A former traveling partner of Woody Guthrie and one of the most visible keepers of his musical flame, self-made character Ramblin' Jack Elliott remains one of the few links to the folk scene of the 1950s and '60s. His colorful anecdotes about Guthrie and others punctuate The Ballad of Ramblin' Jack, an emotional travelogue of Elliott's life, directed by the singer's daughter, Aiyana.
The film incorporates clips from ethnomusicologist Alan Lomax's obscure 1961 film "Ballads, Blues and Bluegrass," and a 1971 sequence shot by D.A. Pennebaker for a never-completed re-enactment of Guthrie's life story, featuring Elliott, Kris Kristofferson and Odetta. The latter's rendition of "900 Miles" is included on this soundtrack, as is Guthrie's "Candy Man/Talkin' Sailor Blues," from Lomax's film.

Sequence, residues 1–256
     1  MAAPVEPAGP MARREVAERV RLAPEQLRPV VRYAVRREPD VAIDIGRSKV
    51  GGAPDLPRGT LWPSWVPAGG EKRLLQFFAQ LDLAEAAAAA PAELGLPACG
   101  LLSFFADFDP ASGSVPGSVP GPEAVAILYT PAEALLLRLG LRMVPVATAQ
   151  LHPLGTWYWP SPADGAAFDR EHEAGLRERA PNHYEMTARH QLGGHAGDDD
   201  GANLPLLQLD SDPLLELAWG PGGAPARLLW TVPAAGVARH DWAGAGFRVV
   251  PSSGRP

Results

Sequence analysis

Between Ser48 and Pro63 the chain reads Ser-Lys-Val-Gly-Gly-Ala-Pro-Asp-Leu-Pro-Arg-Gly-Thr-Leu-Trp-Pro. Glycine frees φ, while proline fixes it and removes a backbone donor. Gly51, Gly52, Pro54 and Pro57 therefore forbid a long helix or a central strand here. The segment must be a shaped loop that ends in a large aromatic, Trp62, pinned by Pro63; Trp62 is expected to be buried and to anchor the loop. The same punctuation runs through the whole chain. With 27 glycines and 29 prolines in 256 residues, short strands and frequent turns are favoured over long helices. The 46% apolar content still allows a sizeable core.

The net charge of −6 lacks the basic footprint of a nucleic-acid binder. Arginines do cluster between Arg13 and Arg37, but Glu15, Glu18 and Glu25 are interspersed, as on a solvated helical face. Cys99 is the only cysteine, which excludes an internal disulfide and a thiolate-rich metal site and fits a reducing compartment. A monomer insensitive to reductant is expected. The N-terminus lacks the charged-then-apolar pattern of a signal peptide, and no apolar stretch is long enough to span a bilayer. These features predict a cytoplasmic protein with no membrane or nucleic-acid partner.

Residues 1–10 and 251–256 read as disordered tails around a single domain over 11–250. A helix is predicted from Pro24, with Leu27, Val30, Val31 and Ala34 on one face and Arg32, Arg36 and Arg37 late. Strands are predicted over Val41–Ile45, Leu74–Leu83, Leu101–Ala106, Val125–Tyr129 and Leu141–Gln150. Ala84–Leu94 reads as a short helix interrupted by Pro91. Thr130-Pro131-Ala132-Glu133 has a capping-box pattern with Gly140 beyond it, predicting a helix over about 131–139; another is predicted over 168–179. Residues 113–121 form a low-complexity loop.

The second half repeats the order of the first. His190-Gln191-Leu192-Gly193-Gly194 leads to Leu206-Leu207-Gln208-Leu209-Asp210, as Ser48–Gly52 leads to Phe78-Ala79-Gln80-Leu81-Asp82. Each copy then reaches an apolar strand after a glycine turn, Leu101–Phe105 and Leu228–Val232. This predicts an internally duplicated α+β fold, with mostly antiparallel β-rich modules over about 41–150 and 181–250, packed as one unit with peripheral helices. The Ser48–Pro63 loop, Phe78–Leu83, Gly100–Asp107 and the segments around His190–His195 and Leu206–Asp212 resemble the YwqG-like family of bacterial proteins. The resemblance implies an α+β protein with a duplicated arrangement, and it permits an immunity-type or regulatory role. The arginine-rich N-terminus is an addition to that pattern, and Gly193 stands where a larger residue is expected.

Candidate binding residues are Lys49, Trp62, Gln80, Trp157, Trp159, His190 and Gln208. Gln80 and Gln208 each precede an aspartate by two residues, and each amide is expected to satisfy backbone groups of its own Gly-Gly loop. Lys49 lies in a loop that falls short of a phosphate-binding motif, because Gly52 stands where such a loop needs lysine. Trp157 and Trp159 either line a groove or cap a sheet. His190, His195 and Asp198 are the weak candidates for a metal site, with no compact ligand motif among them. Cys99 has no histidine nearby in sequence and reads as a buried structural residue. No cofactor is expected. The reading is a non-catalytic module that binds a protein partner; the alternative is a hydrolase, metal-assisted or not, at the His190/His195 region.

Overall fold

Elsewhere, an introduction by President Clinton precedes a mournful 1998 performance by Elliott of Guthrie's "1913 Massacre" (which Elliott also performed on the recent 'Til We Outnumber 'Em concert album). Other noteworthy moments on this quietly enjoyable disc include a raw 1998 rendition of the traditional "Cuckoo"; "Acne," a 1961 duet with Bob Dylan; "Railroad Bill," a 1953 studio recording by Elliott and Guthrie, with blues harpist Sonny Terry; and "Take Me Home" (RealAudio excerpt), a 1969 duet between Elliott and Johnny Cash.
Elliott outdoes himself with a 1971 performance of the bluegrass standard "Muleskinner Blues" (RealAudio excerpt), from Cash's television show. As guitarist Norman Blake and banjoist Randy Scruggs pick out the melody, Elliott holds out a high, lonesome note, a la Bill Monroe, for about 35 delightful seconds. It's surprising and very sweet.